2017 has been a record-breaking year for retail, and not in a good way.

Under pressure from a number of factors, including the growth of ecommerce, brick and mortar retailers have closed thousands of stores this year and some, including big names like Toys R Us, Sears Canada and Payless, have filed for bankruptcy.

For the retailers still standing, finding ways to adapt has never been more important.

Naturally, one of the ways many retailers are trying to defend themselves against the ongoing retail bloodbath is to fortify their relationships with customers. And one of the means by which a growing number are attempting to accomplish this is through the launch of mobile wallets.

The latest retailer to embrace mobile wallets is Target, the second largest discount store retailer in the U.S., which announced the launch of a feature called Wallet on Monday.

walmart wallet

Wallet is available in both versions of Target's mobile app – Android and iOS – and allows users to pay for their purchases with their Target REDcard debit or credit card and apply discounts from Target's Weekly Ad coupons and Cartwheel, the retailer's savings program. Soon, users will also be able to link Wallet to Target GiftCards.

According to Target, “one big benefit [of Wallet] is faster in-store checkout—up to four times faster than other payment types, in fact.” And Mike McNamara, Target's chief information and digital officer, believes that “guests are going to love the convenience of having payment, Cartwheel offers, Weekly Ad coupons and GiftCards all in one place with Wallet.”

What works for Starbucks might not work for other retailers

The most prominent and successful retailer mobile wallet is that offered by giant coffee chain Starbucks. It is now responsible for nearly a third of Starbucks' transactions and is one of the most widely used mobile wallets in existence.

With Starbucks clearly in mind, numerous retailers, including Walmart, CVS, Kohl's and now Target, have launched mobile wallets of their own.

But what works for Starbucks doesn't work for everybody. In fact, based on a report published by PYMNTS.com, The Motley Fool's Matthew Cochrane noted that “mobile wallet usage rates are laughably low.”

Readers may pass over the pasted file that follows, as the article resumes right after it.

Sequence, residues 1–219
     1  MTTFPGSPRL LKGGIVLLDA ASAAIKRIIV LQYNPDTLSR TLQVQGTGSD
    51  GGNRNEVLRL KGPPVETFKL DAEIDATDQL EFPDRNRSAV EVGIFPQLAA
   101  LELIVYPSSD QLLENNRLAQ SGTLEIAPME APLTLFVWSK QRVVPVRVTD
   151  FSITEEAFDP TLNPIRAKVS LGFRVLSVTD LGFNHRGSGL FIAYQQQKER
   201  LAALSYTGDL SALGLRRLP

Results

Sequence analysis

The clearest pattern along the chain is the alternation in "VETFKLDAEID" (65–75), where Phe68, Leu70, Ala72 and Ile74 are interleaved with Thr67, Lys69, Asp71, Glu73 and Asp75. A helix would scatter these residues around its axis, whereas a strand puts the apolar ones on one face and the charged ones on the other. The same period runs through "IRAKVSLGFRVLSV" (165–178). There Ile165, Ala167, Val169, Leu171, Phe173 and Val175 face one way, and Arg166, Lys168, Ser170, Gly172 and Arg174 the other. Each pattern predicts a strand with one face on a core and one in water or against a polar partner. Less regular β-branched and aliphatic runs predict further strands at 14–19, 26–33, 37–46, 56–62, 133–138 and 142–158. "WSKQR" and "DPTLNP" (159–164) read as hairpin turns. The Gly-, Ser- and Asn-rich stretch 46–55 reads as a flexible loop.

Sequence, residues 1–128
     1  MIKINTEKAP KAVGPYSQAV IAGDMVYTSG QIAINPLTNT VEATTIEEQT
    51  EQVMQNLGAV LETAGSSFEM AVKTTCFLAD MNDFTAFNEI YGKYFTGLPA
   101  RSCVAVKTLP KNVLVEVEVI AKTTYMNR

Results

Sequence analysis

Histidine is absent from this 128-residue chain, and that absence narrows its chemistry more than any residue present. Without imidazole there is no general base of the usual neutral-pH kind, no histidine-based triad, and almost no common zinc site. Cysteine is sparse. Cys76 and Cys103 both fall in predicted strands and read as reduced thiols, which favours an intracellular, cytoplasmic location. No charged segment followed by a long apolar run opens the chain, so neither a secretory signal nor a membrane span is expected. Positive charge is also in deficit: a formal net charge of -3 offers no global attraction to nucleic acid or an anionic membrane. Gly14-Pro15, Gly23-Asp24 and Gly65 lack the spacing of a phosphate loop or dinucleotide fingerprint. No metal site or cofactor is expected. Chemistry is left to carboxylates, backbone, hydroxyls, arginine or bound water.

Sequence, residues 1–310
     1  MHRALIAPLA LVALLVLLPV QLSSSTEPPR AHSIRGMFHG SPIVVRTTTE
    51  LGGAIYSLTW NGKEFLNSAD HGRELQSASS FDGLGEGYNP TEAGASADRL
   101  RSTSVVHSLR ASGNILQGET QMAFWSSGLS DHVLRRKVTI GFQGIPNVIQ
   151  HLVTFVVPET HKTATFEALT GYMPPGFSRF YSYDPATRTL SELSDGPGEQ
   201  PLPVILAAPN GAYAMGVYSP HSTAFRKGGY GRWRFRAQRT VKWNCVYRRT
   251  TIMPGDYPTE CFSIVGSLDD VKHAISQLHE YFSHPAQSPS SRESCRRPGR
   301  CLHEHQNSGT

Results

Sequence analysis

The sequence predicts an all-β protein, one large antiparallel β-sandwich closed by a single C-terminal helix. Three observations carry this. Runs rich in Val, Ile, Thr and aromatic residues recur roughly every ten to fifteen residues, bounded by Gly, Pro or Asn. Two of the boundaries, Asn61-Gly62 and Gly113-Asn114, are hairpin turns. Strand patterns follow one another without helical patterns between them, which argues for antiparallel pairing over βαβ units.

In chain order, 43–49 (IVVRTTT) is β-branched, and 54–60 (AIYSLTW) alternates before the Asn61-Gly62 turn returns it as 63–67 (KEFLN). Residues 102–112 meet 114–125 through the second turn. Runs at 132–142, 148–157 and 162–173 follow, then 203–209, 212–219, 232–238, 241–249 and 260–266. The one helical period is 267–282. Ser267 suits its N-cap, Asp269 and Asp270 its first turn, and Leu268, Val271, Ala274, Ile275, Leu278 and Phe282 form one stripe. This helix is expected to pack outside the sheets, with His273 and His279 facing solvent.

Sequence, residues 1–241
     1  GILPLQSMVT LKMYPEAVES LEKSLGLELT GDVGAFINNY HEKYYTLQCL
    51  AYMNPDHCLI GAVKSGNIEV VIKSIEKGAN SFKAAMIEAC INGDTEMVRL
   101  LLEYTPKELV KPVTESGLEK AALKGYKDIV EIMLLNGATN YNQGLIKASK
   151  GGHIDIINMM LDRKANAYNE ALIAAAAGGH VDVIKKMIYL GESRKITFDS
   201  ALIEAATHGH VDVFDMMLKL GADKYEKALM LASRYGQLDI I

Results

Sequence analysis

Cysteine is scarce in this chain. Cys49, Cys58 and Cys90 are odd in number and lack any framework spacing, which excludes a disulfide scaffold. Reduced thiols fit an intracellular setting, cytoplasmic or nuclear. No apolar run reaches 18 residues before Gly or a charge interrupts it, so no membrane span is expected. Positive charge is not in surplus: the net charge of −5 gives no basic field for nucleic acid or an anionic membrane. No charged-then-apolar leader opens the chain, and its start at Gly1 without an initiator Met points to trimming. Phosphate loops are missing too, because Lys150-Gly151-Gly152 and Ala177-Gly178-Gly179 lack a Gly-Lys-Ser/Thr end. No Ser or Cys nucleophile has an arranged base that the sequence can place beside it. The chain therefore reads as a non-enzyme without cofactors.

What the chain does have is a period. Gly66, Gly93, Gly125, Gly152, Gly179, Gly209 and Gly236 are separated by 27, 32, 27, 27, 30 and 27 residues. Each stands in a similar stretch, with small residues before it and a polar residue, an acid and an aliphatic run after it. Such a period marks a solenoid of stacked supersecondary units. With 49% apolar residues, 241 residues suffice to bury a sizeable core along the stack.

For example, according to PYMNTS.com's data, while Walmart Pay's install rate was respectable compared to more mature mobile wallets, “fully 55.8% of Wal-Mart customers in the survey either wanted to use cash, were not comfortable with the platform, or simply flat out stated they didn't want to use a mobile payment method.”

Why is Starbucks succeeding where most others aren't? Countless numbers of people frequent Starbucks on a regular basis, and many even head to Starbucks daily. And because Starbucks' mobile wallet has to be used to earn rewards in Starbucks' rewards program, regular customers have a significant incentive to do so.

starbucks order and pay

Few retailers match the customer purchase frequency of Starbucks or have loyalty programs as popular as the coffee chain's. And some mobile wallets have less-than-compelling value propositions and significant limitations that deter use.

In Target's case, the requirement that customers have a Target REDcard debit or credit card to use Wallet obviously decreases the universe of customers who can use it. And it's not clear that the promise of in-store checkouts up to four times faster would encourage large numbers of customers who don't have a REDcard to sign up for one.

From this perspective, it would appear that Target's mobile wallet offering is unlikely to achieve Starbucks-like success, but it doesn't necessarily have to, to be beneficial for the company. For example, if Target can drive some additional acquisition of REDcard holders and/or encourage existing REDcard holders to use their REDcards at a higher clip than they do now, it could profit.

That said, for retailers that launch mobile wallets – Target certainly won't be the last – strategy will be increasingly important as the number of mobile wallets grows.

Further reading:

Patricio Robles

Published 7 December, 2017 by Patricio Robles

Patricio Robles is a tech reporter at Econsultancy. Follow him on Twitter.

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